Charlotte has what you need for fun both indoors and outdoors. The city is home to not only the tallest building in the state, but also to the world’s largest US bank, the Bank of America. The city’s location between the foothills and piedmont makes it a unique and thriving place to spend your time.

No need to worry about buying gas or paying parking fees, as you take your car to one of the city’s four car rental agencies available. Make the most of having plenty of choice with a weekend stay at one of the city’s four major convention facilities.

Also, the Charlotte 49ers professional football team is a major attraction in the city, playing in the NFL. The team has won two Super Bowls and is the only team from the state of North Carolina to do so.

The Charlotte Checkers pro hockey team has been consistently ranked by the hockey experts as one of the top three minor league franchises in the United States.

Make some good family memories with the Bowman Gray Stadium. This historical stadium has six levels of seating, including a tower that rises a breathtaking 100 feet above the ground. Watch the action unfold with the panoramic views from the most expensive seats in the house.


Great Smoky Mountains National Park

This is also one of the most visited National Parks in the United States, and it’s probably the most visited National Park for a reason. The park is so large that the further you go from the entrance, the less populated it gets.

It’s also home to the Appalachian Trail, which is the longest footpath in the world. The Appalachian Trail starts in Georgia and ends in Maine, so visitors can hike and camp there for over 2,100 miles.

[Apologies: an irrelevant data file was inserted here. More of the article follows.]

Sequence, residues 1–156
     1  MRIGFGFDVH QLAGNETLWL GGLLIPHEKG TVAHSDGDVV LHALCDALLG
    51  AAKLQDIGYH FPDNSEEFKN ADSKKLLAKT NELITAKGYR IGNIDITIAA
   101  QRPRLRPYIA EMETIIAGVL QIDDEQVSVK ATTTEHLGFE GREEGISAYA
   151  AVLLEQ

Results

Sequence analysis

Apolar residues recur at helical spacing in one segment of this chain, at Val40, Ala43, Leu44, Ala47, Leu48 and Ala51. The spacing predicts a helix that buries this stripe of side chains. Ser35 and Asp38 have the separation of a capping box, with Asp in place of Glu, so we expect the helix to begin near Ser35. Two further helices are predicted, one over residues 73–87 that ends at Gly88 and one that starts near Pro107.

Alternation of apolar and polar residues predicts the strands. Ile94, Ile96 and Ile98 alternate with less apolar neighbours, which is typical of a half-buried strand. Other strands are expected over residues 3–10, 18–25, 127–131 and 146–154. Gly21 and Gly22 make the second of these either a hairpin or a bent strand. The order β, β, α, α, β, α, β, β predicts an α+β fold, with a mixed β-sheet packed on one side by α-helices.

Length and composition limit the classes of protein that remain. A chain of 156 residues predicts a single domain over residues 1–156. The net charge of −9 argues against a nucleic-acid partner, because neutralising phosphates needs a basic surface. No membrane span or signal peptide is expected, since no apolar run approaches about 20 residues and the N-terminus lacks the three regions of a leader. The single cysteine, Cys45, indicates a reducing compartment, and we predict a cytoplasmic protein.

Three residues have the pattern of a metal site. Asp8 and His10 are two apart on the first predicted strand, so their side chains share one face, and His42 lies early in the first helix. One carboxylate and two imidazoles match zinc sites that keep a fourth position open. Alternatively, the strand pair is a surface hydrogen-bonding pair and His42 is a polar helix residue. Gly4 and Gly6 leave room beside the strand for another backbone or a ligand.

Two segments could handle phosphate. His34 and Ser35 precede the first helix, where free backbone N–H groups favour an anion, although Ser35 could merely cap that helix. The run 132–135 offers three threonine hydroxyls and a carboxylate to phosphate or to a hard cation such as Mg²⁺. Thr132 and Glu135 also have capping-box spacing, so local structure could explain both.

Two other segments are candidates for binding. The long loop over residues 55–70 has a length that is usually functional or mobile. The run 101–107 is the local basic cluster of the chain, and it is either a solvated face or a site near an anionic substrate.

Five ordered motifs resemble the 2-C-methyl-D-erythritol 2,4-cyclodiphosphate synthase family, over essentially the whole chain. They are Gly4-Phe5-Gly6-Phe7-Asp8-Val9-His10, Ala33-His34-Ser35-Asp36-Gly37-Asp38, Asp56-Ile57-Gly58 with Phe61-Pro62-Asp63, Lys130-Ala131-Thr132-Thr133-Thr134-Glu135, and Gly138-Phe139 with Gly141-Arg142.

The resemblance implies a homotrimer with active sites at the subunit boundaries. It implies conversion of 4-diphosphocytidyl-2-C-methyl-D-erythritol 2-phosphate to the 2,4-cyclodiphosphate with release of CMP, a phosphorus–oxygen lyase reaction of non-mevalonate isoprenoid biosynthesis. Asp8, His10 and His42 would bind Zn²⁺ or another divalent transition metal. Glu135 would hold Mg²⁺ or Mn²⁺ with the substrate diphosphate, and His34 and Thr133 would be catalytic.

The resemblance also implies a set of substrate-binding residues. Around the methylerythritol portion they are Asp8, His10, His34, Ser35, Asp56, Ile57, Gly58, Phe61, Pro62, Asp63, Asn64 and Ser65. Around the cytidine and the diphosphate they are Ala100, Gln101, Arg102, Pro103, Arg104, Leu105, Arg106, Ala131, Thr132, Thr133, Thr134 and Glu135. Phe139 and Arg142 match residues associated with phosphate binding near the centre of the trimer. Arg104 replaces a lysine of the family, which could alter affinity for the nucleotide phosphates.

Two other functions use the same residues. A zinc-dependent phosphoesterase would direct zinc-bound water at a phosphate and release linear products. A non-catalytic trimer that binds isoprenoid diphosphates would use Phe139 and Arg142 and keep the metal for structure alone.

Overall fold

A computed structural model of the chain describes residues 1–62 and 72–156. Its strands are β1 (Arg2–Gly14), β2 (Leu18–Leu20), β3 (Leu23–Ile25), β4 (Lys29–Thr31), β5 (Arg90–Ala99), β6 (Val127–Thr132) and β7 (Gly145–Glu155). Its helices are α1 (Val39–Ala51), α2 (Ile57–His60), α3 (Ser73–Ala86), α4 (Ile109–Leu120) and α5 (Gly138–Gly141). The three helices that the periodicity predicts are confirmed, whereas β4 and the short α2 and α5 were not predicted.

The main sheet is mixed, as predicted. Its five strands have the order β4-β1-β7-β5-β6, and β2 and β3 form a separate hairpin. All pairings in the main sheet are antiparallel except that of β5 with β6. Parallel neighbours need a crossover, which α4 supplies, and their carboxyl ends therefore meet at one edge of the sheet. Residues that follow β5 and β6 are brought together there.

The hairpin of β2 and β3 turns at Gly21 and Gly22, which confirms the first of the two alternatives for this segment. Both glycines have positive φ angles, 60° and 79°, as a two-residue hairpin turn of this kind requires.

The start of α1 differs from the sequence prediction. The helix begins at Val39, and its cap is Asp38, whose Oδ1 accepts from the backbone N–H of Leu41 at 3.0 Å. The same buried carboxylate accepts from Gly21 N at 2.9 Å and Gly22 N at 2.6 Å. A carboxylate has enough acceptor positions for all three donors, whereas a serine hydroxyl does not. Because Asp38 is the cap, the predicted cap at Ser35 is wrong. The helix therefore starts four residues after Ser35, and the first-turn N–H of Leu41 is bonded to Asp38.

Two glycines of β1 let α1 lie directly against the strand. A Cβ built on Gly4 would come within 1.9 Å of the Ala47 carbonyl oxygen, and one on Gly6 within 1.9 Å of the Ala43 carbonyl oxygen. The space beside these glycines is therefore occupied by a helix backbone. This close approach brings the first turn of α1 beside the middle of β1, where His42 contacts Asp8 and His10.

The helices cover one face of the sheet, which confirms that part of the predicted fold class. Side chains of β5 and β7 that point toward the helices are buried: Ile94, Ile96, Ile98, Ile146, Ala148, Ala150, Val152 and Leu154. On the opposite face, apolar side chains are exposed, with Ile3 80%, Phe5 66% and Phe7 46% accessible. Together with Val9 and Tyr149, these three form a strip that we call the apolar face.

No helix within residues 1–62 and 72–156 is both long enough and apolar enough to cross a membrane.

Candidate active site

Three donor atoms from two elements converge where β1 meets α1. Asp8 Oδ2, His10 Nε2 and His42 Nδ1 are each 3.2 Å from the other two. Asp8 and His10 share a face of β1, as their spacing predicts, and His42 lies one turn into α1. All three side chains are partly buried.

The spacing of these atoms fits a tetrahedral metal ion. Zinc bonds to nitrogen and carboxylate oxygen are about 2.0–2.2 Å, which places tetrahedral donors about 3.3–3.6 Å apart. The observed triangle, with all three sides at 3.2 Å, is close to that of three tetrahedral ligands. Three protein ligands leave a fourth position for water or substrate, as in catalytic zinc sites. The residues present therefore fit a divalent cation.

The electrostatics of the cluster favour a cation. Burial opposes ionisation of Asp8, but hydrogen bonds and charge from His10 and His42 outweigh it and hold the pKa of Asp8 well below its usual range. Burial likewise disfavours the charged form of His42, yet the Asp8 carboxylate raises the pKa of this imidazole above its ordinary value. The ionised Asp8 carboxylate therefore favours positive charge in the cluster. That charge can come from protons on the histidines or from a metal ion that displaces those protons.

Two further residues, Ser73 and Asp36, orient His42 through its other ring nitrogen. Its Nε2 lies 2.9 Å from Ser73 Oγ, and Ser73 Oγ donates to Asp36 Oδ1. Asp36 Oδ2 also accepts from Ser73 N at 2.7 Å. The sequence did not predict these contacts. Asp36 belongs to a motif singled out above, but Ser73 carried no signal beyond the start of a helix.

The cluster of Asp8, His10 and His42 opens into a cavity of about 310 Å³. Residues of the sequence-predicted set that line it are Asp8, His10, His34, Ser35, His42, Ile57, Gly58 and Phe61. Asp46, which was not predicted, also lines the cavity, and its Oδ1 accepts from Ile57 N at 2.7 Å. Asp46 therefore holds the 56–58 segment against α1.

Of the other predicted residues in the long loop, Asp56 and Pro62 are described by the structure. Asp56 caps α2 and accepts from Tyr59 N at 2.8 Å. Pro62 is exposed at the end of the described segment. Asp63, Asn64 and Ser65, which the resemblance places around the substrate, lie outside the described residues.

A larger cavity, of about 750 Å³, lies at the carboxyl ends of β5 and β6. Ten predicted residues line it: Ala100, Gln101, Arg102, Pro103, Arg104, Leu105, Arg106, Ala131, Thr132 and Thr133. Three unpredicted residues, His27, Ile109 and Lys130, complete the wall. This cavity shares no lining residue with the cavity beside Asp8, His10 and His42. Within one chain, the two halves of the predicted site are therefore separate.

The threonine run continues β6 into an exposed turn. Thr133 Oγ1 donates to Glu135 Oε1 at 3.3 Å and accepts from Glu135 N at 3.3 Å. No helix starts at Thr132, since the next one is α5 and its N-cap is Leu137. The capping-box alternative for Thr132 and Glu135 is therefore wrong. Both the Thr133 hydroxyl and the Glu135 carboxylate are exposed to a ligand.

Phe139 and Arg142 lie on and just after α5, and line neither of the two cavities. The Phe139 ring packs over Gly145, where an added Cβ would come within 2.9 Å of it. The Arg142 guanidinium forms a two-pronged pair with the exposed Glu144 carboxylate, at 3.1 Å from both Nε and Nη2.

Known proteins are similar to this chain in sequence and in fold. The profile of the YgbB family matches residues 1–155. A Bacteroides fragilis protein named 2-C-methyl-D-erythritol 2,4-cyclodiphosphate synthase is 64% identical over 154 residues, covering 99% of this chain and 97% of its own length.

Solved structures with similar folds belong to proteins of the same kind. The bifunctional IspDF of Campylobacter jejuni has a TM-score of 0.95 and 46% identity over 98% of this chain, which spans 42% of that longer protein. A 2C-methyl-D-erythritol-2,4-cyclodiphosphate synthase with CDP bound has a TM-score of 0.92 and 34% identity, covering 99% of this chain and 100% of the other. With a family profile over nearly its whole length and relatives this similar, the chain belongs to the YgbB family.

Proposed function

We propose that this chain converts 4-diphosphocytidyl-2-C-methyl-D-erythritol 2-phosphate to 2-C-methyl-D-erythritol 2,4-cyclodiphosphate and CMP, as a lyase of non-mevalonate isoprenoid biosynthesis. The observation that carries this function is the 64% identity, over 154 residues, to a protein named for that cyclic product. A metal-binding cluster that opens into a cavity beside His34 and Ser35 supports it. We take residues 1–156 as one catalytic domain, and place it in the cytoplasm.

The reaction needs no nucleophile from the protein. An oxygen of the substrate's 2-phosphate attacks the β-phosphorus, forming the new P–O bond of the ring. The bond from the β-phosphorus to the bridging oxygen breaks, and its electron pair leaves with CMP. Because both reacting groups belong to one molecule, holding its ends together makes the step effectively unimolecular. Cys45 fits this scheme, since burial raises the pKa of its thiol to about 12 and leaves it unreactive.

The Smokies are widely known for their scenery. As you get deeper into the park, you’ll see an incredible diversity of trees and plants.

Hiking is the most popular activity for visitors to the park. It’s a great way to explore and experience incredible scenery.

Rock climbing is also a very popular activity. The park offers many incredible boulder areas that are great for rock climbing.

The park also has a wide range of different trails. Great Smoky Mountains offers hiking and mountain biking trails as well as the Appalachian Trail.

If you’re visiting the Great Smoky Mountains National Park, you can combine it with the Blue Ridge Parkway to make a full day trip. The Blue Ridge Parkway is a scenic drive along the Blue Ridge Mountains that you can enjoy with stunning views.

Outer Banks

One thing that everyone should know about the Outer Banks is that everything is within driving distance. Hence, Outer Banks National Seashore is also within driving distance of the mainland.

A mosaic of picturesque islands, the Outer Banks are wonderful for kayaking, naturalistic and cultural history, wildlife watching, beaches, and native fauna and flora.

Military facilities in many parts of the seashore border the Atlantic Ocean. Now, the outdoor recreationists are coming back to the Outer Banks for the tranquility.

The beaches of the Outer Banks are 2 miles of quiet calm, and the wildlife is wild, including bald eagles, brown pelicans, seals, manatees, and interesting plants.

What better place to camp? The Outer Banks National Seashore encompasses several parcels of land, including Cape Hatteras, Smith Island, Bodie Island, Ocracoke, Hatteras, and Nags Head.

These beaches are World Renowned for their pristine nature, and are listed in the The National Geographic Traveller as one of the Top 25 Places to Go before you die.

These beaches are usually quiet, protected, and private. Once a year, during the first week of October, the whole of the Outer Banks is dedicated to the ocean and its creatures known as "Octoberfest".